2. The scenario that Eric envisions (and one that I believe would benefit our industry exponentially) is the one where IBM becomes the “business analytics” juggernaut in the enterprise. If this were to occur, IBM would need to integrate its SPSS and Cognos acquisitions to get really crafty about delivering extremely high value digital insights.
These are two very different outcomes and both speculatory, but I’m rooting for the latter simply because it has the potential to push analytics so much further along. My sources tell me that some long-time IBM’ers feel this way too. One confidant with access to IBM brass even shared with me that internally the acquisition will be deemed a failure by some at IBM if Coremetrics isn’t integrated with SPSS and Cognos. That’s great news, because wholesale failure of business analytics isn’t an option.
So here we have Webtrends as the only standalone web analytics player remaining from the set of truly original US-based technologies. They’re doing a good job of playing the part of Switzerland as they not-so-quietly establish a platform of Open Analytics whereby data flows in -and- out of the interface fueling other operations around the business. While this is not the same as an integrated approach, Webtrends is taking a strong stance on have-it-your-way analytics. Their open APIs and REST URLs make it easy to leverage their data collection and pump data to any application within the enterprise. Thus, they too offer an integrated approach yet do so by maintaining a position that supports rather than delivers the adjacent marketing functions.
The Low End Theory…
Any post about the state of the analytics marketplace would be remiss if Google Analytics wasn’t included in the conversation. I include the Big Googley in the Low End Theory – not because they’re trailing – but because they’re sneaky smart. Just in case you haven’t been watching, since Google acquired Urchin Software, GA has been quietly amassing millions of installations across businesses large and small adding to the democratization of web analytics. I’d argue that they’re not doing this in a concerted enterprise-wide way, but they are probably gaining the most ground across the enterprise by sheer adoption and hands-on utilization. What this means is that pockets of users are deploying Google Analytics for very focused use of the data and the organization is becoming more accustomed to seeing GA data and using it to make key decisions in their day-to-day operations.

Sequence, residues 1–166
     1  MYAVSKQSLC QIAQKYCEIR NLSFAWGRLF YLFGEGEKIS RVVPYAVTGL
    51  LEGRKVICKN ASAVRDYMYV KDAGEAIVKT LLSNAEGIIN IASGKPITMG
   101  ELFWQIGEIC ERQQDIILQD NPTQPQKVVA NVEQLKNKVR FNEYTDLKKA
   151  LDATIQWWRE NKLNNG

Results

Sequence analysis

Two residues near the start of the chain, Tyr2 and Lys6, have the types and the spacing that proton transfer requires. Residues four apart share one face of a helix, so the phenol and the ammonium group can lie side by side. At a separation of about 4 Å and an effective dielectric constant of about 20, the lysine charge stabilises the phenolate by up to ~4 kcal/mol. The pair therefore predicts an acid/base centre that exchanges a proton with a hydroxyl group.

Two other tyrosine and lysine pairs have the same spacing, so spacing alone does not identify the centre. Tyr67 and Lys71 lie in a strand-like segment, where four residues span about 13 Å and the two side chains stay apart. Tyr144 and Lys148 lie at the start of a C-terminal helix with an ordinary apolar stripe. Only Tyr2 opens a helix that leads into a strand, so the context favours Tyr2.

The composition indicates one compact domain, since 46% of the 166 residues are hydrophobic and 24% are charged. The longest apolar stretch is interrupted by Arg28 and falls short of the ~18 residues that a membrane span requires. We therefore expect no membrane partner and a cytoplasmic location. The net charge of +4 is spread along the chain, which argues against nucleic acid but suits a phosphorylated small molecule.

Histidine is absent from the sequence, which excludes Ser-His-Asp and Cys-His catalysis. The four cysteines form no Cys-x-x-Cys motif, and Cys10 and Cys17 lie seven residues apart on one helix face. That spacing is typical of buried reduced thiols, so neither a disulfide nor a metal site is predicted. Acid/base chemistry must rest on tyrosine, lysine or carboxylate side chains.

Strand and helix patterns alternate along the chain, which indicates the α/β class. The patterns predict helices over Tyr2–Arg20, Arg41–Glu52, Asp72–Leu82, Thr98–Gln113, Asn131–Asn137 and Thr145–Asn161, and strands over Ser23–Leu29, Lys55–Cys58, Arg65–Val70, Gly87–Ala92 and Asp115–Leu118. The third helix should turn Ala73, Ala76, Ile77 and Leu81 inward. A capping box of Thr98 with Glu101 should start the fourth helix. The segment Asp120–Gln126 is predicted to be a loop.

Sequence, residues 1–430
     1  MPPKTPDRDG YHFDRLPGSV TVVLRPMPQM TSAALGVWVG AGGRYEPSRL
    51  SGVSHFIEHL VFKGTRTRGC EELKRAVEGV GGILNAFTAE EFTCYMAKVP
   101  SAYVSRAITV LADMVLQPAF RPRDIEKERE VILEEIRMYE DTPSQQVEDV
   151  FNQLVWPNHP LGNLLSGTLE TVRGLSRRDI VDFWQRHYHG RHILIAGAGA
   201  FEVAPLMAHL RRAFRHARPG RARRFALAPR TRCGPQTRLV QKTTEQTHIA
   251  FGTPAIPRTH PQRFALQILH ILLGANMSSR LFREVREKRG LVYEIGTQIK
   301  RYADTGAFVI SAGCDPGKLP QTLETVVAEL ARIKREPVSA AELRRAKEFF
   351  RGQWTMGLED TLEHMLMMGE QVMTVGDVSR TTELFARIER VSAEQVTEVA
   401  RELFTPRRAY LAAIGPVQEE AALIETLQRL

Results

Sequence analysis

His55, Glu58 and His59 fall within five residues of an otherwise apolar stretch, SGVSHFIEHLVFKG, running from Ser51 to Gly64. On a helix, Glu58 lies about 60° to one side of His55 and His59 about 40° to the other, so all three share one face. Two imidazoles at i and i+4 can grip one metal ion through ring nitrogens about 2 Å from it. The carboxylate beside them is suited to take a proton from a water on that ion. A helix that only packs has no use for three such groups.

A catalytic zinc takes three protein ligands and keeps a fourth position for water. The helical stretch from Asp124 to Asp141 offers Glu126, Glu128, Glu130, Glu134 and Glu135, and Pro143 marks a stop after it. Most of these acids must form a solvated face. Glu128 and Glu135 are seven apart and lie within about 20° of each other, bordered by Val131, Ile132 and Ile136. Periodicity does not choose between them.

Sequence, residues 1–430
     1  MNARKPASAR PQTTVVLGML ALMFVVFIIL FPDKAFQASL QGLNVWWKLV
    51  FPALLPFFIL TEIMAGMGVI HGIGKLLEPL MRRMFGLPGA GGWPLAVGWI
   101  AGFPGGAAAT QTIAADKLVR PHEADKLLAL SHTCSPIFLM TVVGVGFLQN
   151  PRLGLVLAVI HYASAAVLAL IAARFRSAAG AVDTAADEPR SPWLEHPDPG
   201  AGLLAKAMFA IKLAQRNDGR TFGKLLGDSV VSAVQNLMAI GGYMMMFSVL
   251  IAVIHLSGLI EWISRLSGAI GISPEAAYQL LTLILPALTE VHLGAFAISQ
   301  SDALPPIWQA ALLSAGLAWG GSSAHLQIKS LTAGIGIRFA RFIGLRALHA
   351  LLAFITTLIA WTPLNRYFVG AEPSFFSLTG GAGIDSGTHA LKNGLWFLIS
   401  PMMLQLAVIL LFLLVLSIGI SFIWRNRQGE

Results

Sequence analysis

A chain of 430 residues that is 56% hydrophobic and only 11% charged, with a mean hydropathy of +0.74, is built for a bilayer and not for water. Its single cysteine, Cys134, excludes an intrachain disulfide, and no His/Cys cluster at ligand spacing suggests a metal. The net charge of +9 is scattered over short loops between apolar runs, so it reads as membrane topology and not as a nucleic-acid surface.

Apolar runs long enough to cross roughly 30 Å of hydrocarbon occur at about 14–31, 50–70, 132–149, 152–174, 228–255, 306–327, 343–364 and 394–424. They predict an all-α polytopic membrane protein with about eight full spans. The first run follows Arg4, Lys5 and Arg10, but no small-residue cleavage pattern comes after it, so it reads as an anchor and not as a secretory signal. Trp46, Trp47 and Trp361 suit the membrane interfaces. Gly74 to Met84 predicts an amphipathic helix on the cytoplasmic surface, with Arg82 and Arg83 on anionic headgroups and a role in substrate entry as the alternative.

Many other analytics programs are delivering similar value to business users, yet in an extremely isolated manner with tools like KissMetrics, Twitalyzer, Visible Measures and Radian6 just to name a few. This is truly the low end theory because the data is rarely seen by anyone outside the marketing group, but it’s driving key activity around specific marketing functions without the larger business really taking note. Think grassroots baby – under the radar – with potential super smartie effectiveness.
Can Marketing Come from the Heart?
By now you should be asking yourself; So where’s this all going? Despite how each of the companies I described above fit into the overall aspect of a company’s business, I think that we can all agree that analytics is about understanding business performance. Here is where Eric’s vision of the Coming Revolution in Web Analytics fits into the story and the quietly powerful behemoth that’s already penetrated the enterprise garden sits in wait down in Cary, North Carolina. Whether it’s SAS, another player, or an amalgamation of services from multiple players – analytics needs to be at the heart of the organization. Here’s where my analogy pays off…because if this is to happen, then data becomes the lifeblood of the enterprise and analytics allows companies to relate to their customers and offer more tuned in and relevant products and services. Marketing should control this blood flow but use it to power the brain and the working limbs of the organization. While this may start to look like Business Intelligence, I believe it’s different because it requires real-time information, automated decisioning and ultimately creativity. These are qualities that I have yet to see from a BI tool. But maybe I’m naive.
Before this diatribe gets any longer, and you dear reader need resuscitation I’ll call it quits. But I’ll offer fair warning that this is just the beginning of my thoughts on the matter and there’s more to follow. I’d also love to hear what you think.